“While working alongside the bakers there we picked up many tips we can use back here,” she says. “We learned about the traditional baguette which we wanted to understand, about shaping products, and different ways of handling the dough. We deal with many markets so when required we will have this information at our fingertips. We have a lot of material that we can work with in future.”

Swiss program hones milling skills

Norbert Cabral, who began working as a Technologist in the Cigi milling area in 2013, says he wanted to take on the challenge of attending the Swiss School of Milling to further hone his milling skills in order to offer the best technical information and training to customers of Canadian grain. The Buhler-supported facility is one of the world’s most prestigious institutions for training millers in the grain industry.

His previous formal training included the International Grains Program at Kansas State University as well as a a six-month correspondence program in milling with nabim (National Association of British & Irish Millers) for which he was recognized with a bronze medal for achieving second place in top marks.

Norbert Cabral at work in Cigi's pilot mill.

Norbert Cabral at work in Cigi’s pilot mill.

“I talked to management here at Cigi about taking on the biggest challenge at the Swiss School of Milling as other Cigi milling staff have done in the past,” Norbert says. After getting the official go-ahead, he completed a six-month milling program at the school in St. Gallen, Switzerland last August. In preparation for the program he also finished a six-month correspondence course for which he wrote an exam soon after his arrival.

Norbert says the intense study load and schedule included milling technology, pneumatics, plant engineering, practical baking, cereal and nutrition science, basic electrical engineering and laboratory sessions.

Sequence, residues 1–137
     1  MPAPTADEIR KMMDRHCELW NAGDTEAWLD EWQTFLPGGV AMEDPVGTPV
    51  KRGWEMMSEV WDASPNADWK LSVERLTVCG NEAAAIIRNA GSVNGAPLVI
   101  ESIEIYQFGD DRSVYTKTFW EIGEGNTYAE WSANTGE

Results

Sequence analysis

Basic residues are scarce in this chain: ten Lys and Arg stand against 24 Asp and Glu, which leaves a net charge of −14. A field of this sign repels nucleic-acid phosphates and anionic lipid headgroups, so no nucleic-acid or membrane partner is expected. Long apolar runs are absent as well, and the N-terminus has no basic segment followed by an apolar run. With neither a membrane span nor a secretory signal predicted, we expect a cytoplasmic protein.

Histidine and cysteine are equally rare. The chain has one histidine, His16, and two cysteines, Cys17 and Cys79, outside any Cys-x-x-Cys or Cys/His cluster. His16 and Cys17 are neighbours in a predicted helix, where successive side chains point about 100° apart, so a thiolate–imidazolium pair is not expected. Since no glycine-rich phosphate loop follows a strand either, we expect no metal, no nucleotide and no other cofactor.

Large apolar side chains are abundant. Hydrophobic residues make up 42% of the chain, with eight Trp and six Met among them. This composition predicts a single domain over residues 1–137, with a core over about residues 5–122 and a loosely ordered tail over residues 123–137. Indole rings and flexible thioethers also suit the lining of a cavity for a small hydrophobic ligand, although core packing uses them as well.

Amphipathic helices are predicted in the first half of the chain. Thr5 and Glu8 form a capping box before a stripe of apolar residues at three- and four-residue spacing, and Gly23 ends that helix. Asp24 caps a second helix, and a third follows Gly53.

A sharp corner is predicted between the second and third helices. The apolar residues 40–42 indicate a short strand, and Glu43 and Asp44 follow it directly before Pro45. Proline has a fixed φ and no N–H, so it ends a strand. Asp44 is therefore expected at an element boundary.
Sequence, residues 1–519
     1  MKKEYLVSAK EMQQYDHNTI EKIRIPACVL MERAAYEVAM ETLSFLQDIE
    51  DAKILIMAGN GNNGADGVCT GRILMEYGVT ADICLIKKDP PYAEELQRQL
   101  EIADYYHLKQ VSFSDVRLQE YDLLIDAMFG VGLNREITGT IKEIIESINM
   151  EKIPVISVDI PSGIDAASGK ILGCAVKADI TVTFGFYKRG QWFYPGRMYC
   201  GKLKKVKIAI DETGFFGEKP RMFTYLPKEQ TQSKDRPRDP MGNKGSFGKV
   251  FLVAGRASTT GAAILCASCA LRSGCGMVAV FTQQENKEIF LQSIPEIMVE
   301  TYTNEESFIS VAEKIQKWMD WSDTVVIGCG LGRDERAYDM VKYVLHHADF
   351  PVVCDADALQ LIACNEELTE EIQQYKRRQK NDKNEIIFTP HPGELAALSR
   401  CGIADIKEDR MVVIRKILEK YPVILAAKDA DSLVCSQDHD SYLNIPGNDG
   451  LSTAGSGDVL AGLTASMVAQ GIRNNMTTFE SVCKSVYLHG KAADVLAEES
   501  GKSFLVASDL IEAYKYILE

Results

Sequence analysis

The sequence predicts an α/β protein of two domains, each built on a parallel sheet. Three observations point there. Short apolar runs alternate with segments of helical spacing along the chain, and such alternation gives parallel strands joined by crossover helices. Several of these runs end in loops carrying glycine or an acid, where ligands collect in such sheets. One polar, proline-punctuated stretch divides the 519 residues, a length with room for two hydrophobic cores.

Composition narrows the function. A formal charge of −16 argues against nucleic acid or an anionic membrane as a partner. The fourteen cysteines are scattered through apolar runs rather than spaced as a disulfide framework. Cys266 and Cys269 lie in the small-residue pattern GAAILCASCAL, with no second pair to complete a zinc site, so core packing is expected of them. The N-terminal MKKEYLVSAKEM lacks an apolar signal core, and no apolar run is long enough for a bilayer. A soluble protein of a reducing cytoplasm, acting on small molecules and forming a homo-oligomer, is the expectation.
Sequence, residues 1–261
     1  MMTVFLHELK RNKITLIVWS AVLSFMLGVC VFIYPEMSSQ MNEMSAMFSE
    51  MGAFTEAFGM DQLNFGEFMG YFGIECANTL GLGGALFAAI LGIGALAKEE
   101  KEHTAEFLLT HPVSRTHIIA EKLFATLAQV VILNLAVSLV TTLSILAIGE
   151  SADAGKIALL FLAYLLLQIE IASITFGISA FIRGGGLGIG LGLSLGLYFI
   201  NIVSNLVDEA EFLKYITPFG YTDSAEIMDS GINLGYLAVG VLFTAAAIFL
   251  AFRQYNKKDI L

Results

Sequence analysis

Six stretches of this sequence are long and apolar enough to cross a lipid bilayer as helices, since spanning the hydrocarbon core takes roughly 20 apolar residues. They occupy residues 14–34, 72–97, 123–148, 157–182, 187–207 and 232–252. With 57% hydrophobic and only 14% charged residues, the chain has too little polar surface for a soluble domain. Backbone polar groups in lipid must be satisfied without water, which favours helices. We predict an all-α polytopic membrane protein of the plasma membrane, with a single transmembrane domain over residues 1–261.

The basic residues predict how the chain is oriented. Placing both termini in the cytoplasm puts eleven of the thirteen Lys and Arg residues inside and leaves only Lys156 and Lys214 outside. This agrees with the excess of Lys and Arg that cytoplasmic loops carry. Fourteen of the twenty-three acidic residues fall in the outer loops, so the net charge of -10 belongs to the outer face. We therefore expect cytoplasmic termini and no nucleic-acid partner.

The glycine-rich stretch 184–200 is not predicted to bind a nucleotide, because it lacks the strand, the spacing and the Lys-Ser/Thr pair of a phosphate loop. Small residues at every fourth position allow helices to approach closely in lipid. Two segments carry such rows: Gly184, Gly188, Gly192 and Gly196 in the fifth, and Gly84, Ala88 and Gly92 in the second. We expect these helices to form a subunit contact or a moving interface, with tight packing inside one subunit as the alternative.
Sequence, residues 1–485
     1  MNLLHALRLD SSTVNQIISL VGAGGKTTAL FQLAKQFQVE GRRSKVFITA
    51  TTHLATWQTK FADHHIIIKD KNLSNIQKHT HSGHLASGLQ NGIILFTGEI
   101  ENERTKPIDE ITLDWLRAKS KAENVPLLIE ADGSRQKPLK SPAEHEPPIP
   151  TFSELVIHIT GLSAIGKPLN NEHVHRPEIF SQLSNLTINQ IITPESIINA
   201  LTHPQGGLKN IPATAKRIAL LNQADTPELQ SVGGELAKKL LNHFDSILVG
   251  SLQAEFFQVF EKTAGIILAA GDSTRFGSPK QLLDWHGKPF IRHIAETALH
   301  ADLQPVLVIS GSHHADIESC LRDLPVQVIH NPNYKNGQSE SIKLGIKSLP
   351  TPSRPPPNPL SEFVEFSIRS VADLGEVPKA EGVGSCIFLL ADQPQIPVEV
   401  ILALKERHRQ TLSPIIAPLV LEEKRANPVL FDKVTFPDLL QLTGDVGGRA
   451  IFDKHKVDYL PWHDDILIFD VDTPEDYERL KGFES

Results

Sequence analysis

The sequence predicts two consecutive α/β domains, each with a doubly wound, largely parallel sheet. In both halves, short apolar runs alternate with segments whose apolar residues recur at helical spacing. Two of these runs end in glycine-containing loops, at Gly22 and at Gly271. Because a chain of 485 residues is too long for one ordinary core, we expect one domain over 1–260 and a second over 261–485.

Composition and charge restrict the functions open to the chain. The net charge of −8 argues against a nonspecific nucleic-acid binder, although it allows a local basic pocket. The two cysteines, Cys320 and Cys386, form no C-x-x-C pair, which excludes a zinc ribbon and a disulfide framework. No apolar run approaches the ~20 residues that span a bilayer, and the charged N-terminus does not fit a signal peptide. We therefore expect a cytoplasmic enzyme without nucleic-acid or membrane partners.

For the milling training, Swiss wheat was used as well as CWRS because of its high quality, which made Norbert feel right at home. He also made connections with the other 22 students from 16 countries including one who had previously participated in a Cigi program.

Norbert says completing the Swiss milling program has proven to be invaluable, providing him with additional technical knowledge required to excel in his work in the Cigi mill and in engaging professionally with millers from customer countries.

Training on analytical equipment enhances work with customers

Natalie Middlestead, Technician, Analytical Services, took a two-day course in St. Joseph, Michigan last September on the operation, troubleshooting and maintenance of the LECO nitrogen analyzer, used to assess nitrogen levels and determine a protein value in wheat and pulses.

“Protein is important for wheat and other field crops primarily for determining end-use suitability so we use the LECO analyzer mainly to tell us what the levels are in wheat and other field crops,” she says. “I knew the basic running of it but not the full maintenance and troubleshooting. At LECO (headquarters) they have classrooms and a full manufacturing facility. The two-day course was very in-depth.”

Natalie says the course gave her the information she needs to demonstrate the details of its operation and respond to questions from groups that include customers and farmers. “Our Cigi programs start in Analytical Services with a talk about why protein is important and why we test for it.  This is information that is useful for both customers and farmers.”

Click here for a video clip of Natalie discussing the LECO analyzer.